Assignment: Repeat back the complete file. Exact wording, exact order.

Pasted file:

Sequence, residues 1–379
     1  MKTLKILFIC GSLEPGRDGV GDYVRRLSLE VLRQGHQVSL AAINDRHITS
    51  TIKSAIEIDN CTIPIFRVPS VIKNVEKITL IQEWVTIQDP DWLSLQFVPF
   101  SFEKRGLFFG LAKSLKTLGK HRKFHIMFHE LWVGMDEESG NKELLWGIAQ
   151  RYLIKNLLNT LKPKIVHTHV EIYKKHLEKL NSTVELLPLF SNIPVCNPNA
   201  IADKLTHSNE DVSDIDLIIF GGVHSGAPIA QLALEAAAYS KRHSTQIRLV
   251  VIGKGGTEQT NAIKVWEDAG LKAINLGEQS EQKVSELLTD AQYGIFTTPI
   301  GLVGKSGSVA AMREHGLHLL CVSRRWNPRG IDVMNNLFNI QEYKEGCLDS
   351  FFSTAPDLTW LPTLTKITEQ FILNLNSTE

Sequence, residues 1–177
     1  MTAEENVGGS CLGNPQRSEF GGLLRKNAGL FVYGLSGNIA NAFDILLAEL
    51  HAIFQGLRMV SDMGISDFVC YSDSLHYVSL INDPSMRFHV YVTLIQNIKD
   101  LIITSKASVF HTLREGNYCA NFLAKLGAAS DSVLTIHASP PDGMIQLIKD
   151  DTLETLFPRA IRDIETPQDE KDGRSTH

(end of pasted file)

Sequence, residues 1–379
     1  MKTLKILFIC GSLEPGRDGV GDYVRRLSLE VLRQGHQVSL AAINDRHITS
    51  TIKSAIEIDN CTIPIFRVPS VIKNVEKITL IQEWVTIQDP DWLSLQFVPF
   101  SFEKRGLFFG LAKSLKTLGK HRKFHIMFHE LWVGMDEESG NKELLWGIAQ
   151  RYLIKNLLNT LKPKIVHTHV EIYKKHLEKL NSTVELLPLF SNIPVCNPNA
   201  IADKLTHSNE DVSDIDLIIF GGVHSGAPIA QLALEAAAYS KRHSTQIRLV
   251  VIGKGGTEQT NAIKVWEDAG LKAINLGEQS EQKVSELLTD AQYGIFTTPI
   301  GLVGKSGSVA AMREHGLHLL CVSRRWNPRG IDVMNNLFNI QEYKEGCLDS
   351  FFSTAPDLTW LPTLTKITEQ FILNLNSTE

Sequence, residues 1–177
     1  MTAEENVGGS CLGNPQRSEF GGLLRKNAGL FVYGLSGNIA NAFDILLAEL
    51  HAIFQGLRMV SDMGISDFVC YSDSLHYVSL INDPSMRFHV YVTLIQNIKD
   101  LIITSKASVF HTLREGNYCA NFLAKLGAAS DSVLTIHASP PDGMIQLIKD
   151  DTLETLFPRA IRDIETPQDE KDGRSTH